September 8, 1993

Assessment of Splanchnic Oxygenation by Gastric Tonometry in Patients With Acute Circulatory Failure

Author Affiliations

From the Departments of Surgery (Messrs Maynard and Mason, and Prof McColl) and Intensive Care (Drs Bihari, Beale, and Smithies), Guy's Hospital; and the Department of Intensive Care, Lewisham Hospital (Dr Baldock), London, England.

JAMA. 1993;270(10):1203-1210. doi:10.1001/jama.1993.03510100053032

Objective.  —To investigate the importance of splanchnic ischemia in patients with acute circulatory failure by comparing gastric intramucosal pH as measured by tonometry with conventional methods of assessing adequacy of tissue oxygenation.

Design.  —Prospective cohort of patients with acute circulatory failure in first 24 hours after admission to the intensive care unit.

Setting.  —Two general intensive care units in London, England.

Patients.  —Consecutive sample of 83 patients of varying diagnostic categories that required pulmonary artery catheterization.

Main Outcome Measures.  —Gastric intramucosal pH and hemodynamic, oxygen transport, and metabolic variables were measured on admission and at 12 hours and 24 hours after admission. Prediction of outcome (death or survival) by each measurement was assessed by sensitivity, specificity, and logistic regression analysis.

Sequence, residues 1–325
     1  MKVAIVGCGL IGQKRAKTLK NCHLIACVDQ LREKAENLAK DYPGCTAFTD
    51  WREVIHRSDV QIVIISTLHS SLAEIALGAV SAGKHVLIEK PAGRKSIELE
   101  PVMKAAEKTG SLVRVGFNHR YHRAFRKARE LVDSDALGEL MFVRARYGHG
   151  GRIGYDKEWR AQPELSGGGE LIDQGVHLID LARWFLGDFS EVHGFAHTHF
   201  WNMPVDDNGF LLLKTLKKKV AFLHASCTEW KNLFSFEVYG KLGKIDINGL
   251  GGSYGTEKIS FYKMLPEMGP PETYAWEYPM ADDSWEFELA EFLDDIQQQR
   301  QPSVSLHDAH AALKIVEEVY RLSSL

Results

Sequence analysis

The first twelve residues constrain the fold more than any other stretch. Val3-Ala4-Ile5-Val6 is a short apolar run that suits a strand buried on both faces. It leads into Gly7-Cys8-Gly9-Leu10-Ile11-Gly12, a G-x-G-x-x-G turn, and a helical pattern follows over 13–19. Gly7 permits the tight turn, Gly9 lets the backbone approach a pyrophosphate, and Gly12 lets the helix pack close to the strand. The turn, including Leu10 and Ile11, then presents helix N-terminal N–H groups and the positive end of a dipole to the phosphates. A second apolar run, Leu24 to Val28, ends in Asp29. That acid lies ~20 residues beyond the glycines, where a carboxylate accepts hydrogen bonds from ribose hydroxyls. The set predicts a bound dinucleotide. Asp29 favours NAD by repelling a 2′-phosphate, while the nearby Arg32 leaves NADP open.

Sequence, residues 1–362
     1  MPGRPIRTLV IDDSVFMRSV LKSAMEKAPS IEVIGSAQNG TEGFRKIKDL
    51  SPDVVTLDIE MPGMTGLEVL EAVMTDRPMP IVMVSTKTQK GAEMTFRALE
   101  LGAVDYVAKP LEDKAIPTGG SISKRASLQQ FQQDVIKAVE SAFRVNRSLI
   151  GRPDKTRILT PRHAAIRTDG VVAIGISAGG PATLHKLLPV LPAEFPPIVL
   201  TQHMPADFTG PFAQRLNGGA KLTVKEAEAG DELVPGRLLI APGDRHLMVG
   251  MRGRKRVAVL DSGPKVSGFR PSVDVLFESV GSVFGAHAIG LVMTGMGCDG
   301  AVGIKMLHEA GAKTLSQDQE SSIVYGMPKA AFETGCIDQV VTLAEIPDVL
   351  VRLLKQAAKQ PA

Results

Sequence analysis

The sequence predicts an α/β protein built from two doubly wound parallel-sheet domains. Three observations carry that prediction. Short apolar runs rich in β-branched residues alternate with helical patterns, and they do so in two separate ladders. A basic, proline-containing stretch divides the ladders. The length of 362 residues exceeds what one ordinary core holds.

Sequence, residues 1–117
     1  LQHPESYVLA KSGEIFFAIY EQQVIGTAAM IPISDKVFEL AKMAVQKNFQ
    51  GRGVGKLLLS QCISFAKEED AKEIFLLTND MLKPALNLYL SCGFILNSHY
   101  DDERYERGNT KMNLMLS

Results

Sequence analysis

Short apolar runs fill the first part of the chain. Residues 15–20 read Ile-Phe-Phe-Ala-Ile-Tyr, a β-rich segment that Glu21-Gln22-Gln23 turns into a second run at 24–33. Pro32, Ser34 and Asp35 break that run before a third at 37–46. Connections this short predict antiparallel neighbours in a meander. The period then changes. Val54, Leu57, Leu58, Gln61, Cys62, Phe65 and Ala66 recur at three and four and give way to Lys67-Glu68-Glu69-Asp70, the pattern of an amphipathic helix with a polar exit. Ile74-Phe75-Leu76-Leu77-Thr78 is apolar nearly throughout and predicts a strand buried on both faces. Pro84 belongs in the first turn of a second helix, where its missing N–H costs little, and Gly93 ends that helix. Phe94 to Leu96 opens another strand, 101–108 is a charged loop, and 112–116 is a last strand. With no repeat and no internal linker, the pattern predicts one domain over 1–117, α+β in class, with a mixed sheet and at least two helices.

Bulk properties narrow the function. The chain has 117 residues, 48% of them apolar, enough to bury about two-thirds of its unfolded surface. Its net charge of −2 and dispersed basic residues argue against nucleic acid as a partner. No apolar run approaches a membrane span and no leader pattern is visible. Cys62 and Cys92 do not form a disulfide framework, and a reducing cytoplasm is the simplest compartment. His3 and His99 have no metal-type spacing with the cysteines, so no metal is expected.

Results.  —Mean 24-hour Acute Physiology and Chronic Health Evaluation (APACHE II) score was 20.3. There were significant differences in mean gastric intramucosal pH between survivors and nonsurvivors on admission and at 24 hours, (7.40 vs 7.28, 7.40 vs 7.24, respectively; P<.001). Admission heart rate was higher (116 vs 101 beats per minute; P<.003) and mean arterial pressure lower (82 vs 97 mm Hg; P<.01) in nonsurvivors. There were no consistent differences in cardiac index, oxygen delivery, and oxygen uptake between survivors and nonsurvivors. Admission arterial pH was significantly lower (7.3 vs 7.36; P<.003), base excess more negative (-5.3 vs -1.9; P<.001), and lactate concentration higher (3.14 vs 1.91 mmol/L; P<.03) in nonsurvivors. Gastric intramucosal pH had a sensitivity of 88% for predicting death and a likelihood ratio of 2.32, higher than for any other variable. Only gastric intramucosal pH at 24 hours independently predicted outcome.

Conclusions.  —Gastric intramucosal pH was the most reliable indicator of adequacy of tissue oxygenation in this group of patients. Inadequate regional blood flow as detected by a reduction in gastric intramucosal pH, but not by systemic measures, is an important contributor to morbidity and mortality in intensive care units.(JAMA. 1993;270:1203-1210)